DeBoef knows what he’s talking about. His newly patented chemical process eliminates the need for chemicals that contain certain atoms, such as bromine and boron that are often required to link the two molecules together. Instead, his invention of a new chemical reaction, then, cleaves strong carbon-hydrogen bonds and forms new carbon-carbon bonds in a single step.
Why is this important? The answer is three-fold: DeBoef’s novel process saves time, money, and the environment. Making molecules is akin to constructing a building, a multiple step process. It is considered a very inefficient, lengthy, and expensive process. DeBoef’s process is attractive to industry because of its time saving element. And in industry, time means money. And the process bypasses the need for the bromine and boron, which are discarded as chemical waste. DeBoef and his invention are part of the growing global green chemistry movement, which encourages the design of products and processes that reduce or eliminate the use of hazardous materials at its source.
Pharmaceutical companies have already knocked on the URI chemist’s doors. DeBoef says his work is fundamental science that can be useful and applied to different industries. For instance, his process could also help streamline the synthesis of high-value molecules for pharmaceuticals, herbicides, and dyes.
DeBoef says that more needs to be developed and expanded before the process reaches the marketplace. Impressed with his work and his proposal, the National Science Foundation recently awarded DeBoef a five-year $550,000 Faculty Early Development grant to do that development.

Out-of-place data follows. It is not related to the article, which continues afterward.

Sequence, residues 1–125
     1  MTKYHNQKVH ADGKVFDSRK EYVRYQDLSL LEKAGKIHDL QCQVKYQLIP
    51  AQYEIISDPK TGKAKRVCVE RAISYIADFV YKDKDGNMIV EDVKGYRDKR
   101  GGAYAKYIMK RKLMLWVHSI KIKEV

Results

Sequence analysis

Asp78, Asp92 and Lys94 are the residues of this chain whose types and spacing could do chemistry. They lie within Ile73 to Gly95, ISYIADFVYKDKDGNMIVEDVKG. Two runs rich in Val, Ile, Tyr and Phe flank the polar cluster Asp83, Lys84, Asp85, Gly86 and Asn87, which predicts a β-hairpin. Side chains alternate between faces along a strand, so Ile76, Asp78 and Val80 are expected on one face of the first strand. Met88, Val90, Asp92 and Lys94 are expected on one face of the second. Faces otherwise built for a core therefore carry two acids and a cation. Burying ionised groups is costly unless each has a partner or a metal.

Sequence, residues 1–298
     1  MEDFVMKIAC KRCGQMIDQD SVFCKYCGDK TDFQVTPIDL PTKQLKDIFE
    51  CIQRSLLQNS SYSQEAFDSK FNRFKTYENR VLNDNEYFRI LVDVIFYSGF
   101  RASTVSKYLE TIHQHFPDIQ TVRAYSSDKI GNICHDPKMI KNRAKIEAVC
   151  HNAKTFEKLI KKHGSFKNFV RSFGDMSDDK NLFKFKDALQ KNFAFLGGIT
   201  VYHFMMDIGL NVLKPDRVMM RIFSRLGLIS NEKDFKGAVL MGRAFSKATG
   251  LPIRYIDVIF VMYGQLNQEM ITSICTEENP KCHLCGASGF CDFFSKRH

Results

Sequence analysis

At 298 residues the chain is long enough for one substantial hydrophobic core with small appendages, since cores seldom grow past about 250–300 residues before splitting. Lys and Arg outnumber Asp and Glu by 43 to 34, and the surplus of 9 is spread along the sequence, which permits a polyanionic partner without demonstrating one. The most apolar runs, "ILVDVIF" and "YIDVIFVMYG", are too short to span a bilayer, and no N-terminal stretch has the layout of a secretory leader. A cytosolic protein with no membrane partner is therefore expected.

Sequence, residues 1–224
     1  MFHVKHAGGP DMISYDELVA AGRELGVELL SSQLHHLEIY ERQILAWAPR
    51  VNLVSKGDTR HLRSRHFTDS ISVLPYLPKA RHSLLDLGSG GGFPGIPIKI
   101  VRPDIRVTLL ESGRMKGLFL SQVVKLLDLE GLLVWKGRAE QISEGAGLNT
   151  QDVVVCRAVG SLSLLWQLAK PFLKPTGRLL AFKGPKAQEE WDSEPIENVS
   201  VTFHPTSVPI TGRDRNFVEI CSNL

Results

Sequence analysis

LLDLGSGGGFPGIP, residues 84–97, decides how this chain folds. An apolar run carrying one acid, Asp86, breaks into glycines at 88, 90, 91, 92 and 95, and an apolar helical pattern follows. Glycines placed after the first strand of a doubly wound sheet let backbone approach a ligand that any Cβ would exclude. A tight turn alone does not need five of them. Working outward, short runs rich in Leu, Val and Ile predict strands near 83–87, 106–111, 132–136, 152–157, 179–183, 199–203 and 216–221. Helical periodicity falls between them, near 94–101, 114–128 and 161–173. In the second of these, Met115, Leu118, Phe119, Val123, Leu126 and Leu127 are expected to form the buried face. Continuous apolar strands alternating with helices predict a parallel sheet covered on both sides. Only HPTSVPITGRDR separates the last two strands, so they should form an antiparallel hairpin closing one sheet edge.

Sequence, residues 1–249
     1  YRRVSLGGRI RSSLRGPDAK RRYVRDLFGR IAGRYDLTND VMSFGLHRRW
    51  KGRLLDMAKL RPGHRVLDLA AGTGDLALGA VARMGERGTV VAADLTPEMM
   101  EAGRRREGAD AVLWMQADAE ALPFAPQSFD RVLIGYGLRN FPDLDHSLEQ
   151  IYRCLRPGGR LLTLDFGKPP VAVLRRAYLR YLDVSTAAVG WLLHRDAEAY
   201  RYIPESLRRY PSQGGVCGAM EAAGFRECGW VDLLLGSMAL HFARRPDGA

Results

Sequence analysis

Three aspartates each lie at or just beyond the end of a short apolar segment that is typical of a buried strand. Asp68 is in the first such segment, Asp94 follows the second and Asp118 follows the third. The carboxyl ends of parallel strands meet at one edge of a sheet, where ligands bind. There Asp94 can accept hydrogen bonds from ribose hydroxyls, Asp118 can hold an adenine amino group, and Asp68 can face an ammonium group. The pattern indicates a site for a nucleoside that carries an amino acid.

“Dr. DeBoef is an outstanding teacher and scientist whose entrepreneurial research in green chemistry is applicable to a variety of products and processes,” notes Winifred Brownell, dean of the College of Arts and Sciences. “Undergraduate and graduate students eagerly flock to his laboratory and classes, and companies do as well. We are all delighted to see his groundbreaking research recognized with this prestigious award from NSF and are confident that Professor DeBoef will continue his phenomenal achievements in green chemistry that will improve both production and the quality of life in Rhode Island and throughout the world.”
The grant will also help DeBoef develop a new green chemistry curriculum so that students will be trained as synthetic chemists for the global marketplace. The grant provides funding for five graduate students and three to four undergraduates. DeBoef is also developing an International Chemistry Program that will partner with Technische Universität Braunschweig, Germany. DeBoef recently visited the German university with John Grandin who founded URI’s popular and widely respected International Engineering Program. One of DeBoef’s graduate students, Shathaverdhan Potavathri, earned a master’s degree at Braunschweig. There he met enthusiastic URI engineering students who convinced him that URI was the place to study for his doctorate.
A woman comes into DeBoef’s office in Pastore Hall with her notes and presents her hypothesis to her professor. “How imaginative!” he says with another of his huge smiles. “I’ll give you high points for that.” The student asks if she is correct in her chemical assumptions. Well no, the professor says, explaining why her proposed process wouldn’t work. “But that’s okay,” he reassures her. “I can see that you’re thinking.”
URI Department of Communications & Marketing photo by Michael Salerno Photography.